How Fieldwire Helps ROSACE Build a Digital Network in Eastern France

DavidroundDavid Vasquez
Head of Customer Support

There are over 100,000 projects run by Fieldwire users all around the globe, and we always love the opportunity to shine the spotlight on their efforts. One such project over in France is the SDTAN initiative, which seeks to develop a broader digital framework for people living in the Eastern portion of the country. This will close the public gap between those with digital coverage and those without, and help encourage more investment interest from private operators.


ROSACE, the team behind the project, is a joint venture between NGE, a heavy civil contractor, and Altitude Infrastructure, a telecom infrastructure firm. Over the next six years, ROSACE will fulfill their mandate by installing a massive fiber optic network in more than 700 cities throughout the Alsace region of France. This encompasses over 3,200 square miles, and ROSACE is responsible for designing, building, launching, and maintaining the entire network. By 2022, citizens and companies within the Alsace region will enjoy new, optimal coverage for cloud computing, telecommuting, and digital spaces in order to connect people both better and faster.

This long-term commitment to providing a scalable fiber optic network is an enormous endeavor, but the improved internet service will more than justify the effort. Modern networking will stimulate both commerce and socialization, and this particular data system will span over 370,000 fiber optic outlets connected by 13,000 kilometers of cabling. ROSACE will deploy more than 500 workers across 80 companies to develop the network, with a total project cost of 480M€ (that’s approximately $512.5 million).


With such a daunting task ahead of them, ROSACE has trusted Fieldwire to help them manage the daily supervision of this expansive project. The core management team is utilizing the construction app to organize and access their plans more efficiently, and with at least one dedicated plan for each Alsace city, that’s around 700 municipal layouts to keep track of. Luckily, Fieldwire allows them to carry every plan around on a mobile device for easy reference and the ability to mark them up on the fly.

Fieldwire also enables the ROSACE team to manage all of their tasks with real-time notifications and comprehensive data storage. They can measure installation progress through detailed reports and handle all QA/QC issues in the app, keeping their subcontractors on track with checklists and helping them document important items with photos and notes from the field. There’s no event they cannot record and track from start to finish, which ensures that each section’s installation goes as smoothly as possible.


In the video below, ROSACE and our own Stephane Denerolle discuss how their superintendents use Fieldwire on their tablets to hold inspections and stay on top of daily progress. The app helps reduce wasted time by sharing data from throughout the Alsace region directly to them, so they don’t have to make any unnecessary treks for project updates, as well as by making it easier to compile on-site reports. The entire information flow from the field to the office to the client is streamlined tremendously within Fieldwire. Check it out (and be sure to turn on English subtitles):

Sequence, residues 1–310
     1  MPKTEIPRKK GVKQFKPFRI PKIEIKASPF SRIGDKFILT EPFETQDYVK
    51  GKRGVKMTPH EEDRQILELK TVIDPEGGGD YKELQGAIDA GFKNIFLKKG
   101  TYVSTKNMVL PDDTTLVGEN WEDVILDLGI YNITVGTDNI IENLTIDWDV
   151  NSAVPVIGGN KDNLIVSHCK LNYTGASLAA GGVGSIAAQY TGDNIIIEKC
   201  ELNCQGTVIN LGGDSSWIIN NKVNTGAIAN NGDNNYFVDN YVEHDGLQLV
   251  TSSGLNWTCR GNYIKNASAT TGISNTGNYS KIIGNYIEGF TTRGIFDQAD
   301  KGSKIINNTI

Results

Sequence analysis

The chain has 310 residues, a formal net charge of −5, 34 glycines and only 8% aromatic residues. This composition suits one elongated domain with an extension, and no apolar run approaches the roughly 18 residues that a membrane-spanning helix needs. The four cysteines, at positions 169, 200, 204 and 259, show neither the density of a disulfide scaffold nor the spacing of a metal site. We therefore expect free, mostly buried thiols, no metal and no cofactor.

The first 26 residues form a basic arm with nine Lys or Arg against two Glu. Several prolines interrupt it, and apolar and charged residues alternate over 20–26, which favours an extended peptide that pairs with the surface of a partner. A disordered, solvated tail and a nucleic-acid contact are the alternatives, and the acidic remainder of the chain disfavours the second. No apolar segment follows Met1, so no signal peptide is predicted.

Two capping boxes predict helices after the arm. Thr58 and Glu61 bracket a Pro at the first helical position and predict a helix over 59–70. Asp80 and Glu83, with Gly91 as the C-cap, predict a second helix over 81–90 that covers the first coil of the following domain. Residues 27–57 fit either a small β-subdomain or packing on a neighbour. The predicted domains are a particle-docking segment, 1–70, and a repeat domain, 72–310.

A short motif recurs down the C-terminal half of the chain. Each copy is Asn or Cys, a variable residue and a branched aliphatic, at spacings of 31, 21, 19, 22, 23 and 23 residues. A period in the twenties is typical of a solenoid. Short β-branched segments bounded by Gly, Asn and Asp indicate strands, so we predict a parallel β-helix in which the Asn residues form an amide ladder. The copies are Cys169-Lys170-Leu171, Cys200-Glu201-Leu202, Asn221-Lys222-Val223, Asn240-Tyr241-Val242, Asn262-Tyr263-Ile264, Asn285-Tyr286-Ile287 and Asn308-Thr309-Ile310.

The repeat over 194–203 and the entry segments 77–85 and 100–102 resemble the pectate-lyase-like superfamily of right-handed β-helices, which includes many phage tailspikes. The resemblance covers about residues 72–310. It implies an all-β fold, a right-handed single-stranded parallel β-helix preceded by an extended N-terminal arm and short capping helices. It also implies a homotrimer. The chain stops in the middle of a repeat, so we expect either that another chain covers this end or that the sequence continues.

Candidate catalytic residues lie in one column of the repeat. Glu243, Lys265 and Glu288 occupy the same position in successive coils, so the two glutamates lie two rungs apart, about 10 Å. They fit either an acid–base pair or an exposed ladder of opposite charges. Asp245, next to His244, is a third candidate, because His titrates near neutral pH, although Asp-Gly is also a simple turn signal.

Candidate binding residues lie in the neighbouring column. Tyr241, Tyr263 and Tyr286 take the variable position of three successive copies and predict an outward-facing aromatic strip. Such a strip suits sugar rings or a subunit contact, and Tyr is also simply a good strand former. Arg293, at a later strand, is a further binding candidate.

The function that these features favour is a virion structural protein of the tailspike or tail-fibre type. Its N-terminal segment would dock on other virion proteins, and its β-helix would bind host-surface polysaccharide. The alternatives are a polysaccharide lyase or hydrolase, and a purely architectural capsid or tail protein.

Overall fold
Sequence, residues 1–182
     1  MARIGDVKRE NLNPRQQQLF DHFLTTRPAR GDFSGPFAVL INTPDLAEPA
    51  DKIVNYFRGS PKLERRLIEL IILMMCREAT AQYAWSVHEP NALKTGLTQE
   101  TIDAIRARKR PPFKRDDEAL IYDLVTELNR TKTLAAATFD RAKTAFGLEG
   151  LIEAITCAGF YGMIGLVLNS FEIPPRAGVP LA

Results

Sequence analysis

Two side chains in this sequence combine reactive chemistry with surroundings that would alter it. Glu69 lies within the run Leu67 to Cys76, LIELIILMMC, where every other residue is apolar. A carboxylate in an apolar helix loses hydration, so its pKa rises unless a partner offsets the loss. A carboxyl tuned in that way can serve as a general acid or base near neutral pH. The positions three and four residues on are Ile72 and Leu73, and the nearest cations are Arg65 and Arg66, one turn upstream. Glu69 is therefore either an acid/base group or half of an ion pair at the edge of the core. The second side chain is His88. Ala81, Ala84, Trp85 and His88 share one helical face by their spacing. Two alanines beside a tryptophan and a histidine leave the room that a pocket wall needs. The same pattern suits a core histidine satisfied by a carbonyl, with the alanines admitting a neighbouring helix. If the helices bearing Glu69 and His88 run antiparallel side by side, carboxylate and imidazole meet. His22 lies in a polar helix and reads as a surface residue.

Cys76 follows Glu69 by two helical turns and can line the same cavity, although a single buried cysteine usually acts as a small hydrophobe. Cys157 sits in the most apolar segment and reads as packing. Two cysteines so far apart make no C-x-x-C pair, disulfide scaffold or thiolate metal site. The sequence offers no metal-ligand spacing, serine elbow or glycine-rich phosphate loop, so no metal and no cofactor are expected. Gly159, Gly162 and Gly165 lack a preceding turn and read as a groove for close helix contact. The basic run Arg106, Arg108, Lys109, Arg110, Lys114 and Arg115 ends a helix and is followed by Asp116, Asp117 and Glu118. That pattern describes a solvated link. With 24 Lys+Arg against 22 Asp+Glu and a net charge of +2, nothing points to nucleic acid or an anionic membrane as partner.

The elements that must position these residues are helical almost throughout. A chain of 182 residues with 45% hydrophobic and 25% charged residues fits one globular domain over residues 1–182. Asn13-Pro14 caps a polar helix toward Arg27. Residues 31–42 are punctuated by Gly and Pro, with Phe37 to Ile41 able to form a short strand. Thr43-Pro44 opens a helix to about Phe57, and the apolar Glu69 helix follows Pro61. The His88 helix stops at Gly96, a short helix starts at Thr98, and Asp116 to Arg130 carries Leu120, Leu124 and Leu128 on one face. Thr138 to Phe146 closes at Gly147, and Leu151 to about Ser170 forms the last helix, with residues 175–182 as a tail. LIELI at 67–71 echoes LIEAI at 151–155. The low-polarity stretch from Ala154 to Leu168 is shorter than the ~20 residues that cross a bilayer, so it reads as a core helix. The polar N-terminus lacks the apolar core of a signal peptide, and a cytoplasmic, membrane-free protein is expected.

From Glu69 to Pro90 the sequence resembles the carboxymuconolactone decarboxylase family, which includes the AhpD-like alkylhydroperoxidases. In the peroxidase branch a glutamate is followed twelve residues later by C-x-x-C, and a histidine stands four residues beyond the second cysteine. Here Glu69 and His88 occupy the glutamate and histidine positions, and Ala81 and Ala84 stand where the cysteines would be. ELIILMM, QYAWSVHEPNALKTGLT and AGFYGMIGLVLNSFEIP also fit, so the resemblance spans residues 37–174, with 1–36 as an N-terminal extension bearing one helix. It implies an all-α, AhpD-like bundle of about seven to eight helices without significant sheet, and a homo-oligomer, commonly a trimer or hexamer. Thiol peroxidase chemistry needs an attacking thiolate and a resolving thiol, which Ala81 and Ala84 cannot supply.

Pour lire cet article en français, cliquer ici.

Heavy Civil Field Management

MarielleroundMarielle Price
Director of Customer Success

It’s no secret that Fieldwire gives construction firms the edge that they need to save time and streamline their days on-site. But today we want to focus on one branch of the industry - heavy civil construction. Handling roadwork, paving, excavation, and other infrastructure jobs can be pretty strenuous, and with so much riding on the success of their endeavors, any tool that can make time in the field easier is a welcome advantage. So here’s how Fieldwire can lend a hand to our heavy civil brothers and sisters and help save them time and money:


Remote Document Updating

Many heavy civil projects are in remote locales, often times with little to no internet access or cell service. Ordinarily, that lack of connectivity might be problematic, but that’s not the case with Fieldwire! Your plans, tasks, photos, and files will all remain accessible without an internet or data connection. Simply sync up the app in the morning on your tablet or phone, and at night when you’re back at the office or home, and all of the information that you logged that day will sync with the rest of your team (and their data will sync to you as well). It’s a great way to stay in touch with the latest progress.

Since many different projects can be going on at once, often miles, cities, or states away from the home office, you’ll need an easy way to get the latest information from the office to the field. Rather than emailing team members and making sure they download and print plan updates, you can use Fieldwire to update everyone at the same time. Whenever they next connect to the internet, those changes get updated in the app without any effort on their part!

Speaking of plan updates, you can also use Fieldwire to create as-builts while you’re in the field. No need to send sketches back to the office to add to a set of plans anymore. Simply export PDFs of your plans at the end of a project and your client will have a clean, up-to-date set of as-built record drawings. All of the links on your exported plans are kept live as well, so your client will be able to see any RFIs, change documents, or any other file attachments that have been posted on the plans. This ensures they’ll always have the full picture available to them.


Issue Tracking